I'm Not So Wild About Harry

If you had to choose one word to describe the SEC's performance in the Madoff scandal, what would it be? Incompetence, no? That was your "take away" from Markopolos's 2/4/09 House Financial Services Committee testimony and his 60 Minutes interview, which is infinitely preferable to the alternative: Utter corruption. On Wall Street, it was fairly common knowledge that Madoff was not executing Split-Strike Conversions, aka collars, as advertised, leaving two possibilities:

1. Madoff was front running trades.
2. Madoff was running a Ponzi scheme.

Knowing that in all of human history no Ponzi scheme has ever succeeded without the assistance of a printing press (and the jury is still out on that one), would you have believed that a former NASDAQ chairman and respected regulatory consultant would commit financial suicide by playing Ponzi? No? I can't believe that the SEC did, either. Thus, we are only left with the first possibility: Upper level SEC management assumed that Madoff was front running large orders, when they closed their case in 2006. In fact, and this is pure speculation on my part, I'd lay odds that their investigation was performed to protect against the embarrassing possibility of Madoff getting caught front running. After all, they had secret agent Markopolos warning them for years and that might get ugly down the road had they done nothing. Unfortunately, for everyone involved, truth turned out stranger than fiction and Wall Street's complete capture of the SEC was about to become very public.

Enter Harry Markopolos, to save the day. His testimony to the House's Financial Services committee was nearly an infomercial for SEC incompetence. Who can forget, "I'm suggesting that if you flew the entire SEC staff to Boston, sat them in Fenway Park for an afternoon, that they would not be able to find first base." Or, when asked whether the SEC had been corrupted, Markopolos replied, "...I never thought the SEC was corrupt. In fact, I'm living proof here today that they are not, but FINRA is definitely in bed with industry." In the last statement, Markopolos was implying that if the SEC was corrupt, they would have leaked his identity to Madoff, who would dispatched his Russian Bogeyman on Markopolos. (I'd have given $20 to see his lawyer's EKG every time he talked about the Russian Mafia.) There are other holes in his testimony, but the bottom line is that, while he did discover Madoff's Ponzi scheme, Markopolos is being used to exonerate the SEC with the defense of ignorance. The alternative of having senior SEC officials refusing to seriously investigate Madoff because they thought he was running a sustainable front running scam would dictate indictments and real SEC reform, which is something that Wall Street and it's "employees" on the Financial Services Committee couldn't abide by.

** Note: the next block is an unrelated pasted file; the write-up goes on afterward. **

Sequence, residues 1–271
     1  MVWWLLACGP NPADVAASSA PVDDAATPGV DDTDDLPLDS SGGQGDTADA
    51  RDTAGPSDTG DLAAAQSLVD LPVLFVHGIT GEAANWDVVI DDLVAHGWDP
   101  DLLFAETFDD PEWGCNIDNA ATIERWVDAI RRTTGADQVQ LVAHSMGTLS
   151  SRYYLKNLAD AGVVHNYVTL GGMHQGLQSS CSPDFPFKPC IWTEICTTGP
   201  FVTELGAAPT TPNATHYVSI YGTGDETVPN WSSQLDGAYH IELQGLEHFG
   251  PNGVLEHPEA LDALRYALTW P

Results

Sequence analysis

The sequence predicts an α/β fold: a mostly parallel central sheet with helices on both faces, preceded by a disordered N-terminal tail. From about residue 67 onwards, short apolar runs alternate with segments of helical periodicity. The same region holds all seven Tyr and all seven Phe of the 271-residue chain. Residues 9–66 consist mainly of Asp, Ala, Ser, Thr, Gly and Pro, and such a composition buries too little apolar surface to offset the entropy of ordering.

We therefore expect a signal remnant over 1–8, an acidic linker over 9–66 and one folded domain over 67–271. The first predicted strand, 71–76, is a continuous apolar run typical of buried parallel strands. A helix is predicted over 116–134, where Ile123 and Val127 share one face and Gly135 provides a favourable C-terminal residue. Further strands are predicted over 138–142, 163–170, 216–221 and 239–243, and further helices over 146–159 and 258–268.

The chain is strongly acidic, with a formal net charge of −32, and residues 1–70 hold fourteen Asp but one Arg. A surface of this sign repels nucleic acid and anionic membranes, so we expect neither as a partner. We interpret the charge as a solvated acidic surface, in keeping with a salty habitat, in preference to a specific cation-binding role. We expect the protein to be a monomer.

1. It's real easy to sneer at a real hero like Harry Markopolos from behind a keyboard. He was the only one who tried to stop that bastard Madoff and you mock him. What are these holes in his testimony that you're on about? Are you saying that you know more than all of the media and 60 minutes?

  2. I'm sorry, but much of what Markopolos said in his testimony was questionable, to say the least. However, if you want to smoke their dope, don't let me get in the way. And, yes, I do know more than the media has released.

  3. Seems like one more weird, convoluted example of why regulatory oversight is problematic. Due to agency problem et al, oversight is certain to break down over time.

  4. I agree that some level of "capture" is inevitable in regulatory oversight, due to the need for industry expertise. However, I'm hard pressed to think of a regulatory agency that isn't currently dominated by it's charge.

    My point is my usual point: We are still asleep at switch, as demonstrated by the fact that few have scrutinized Markopolos.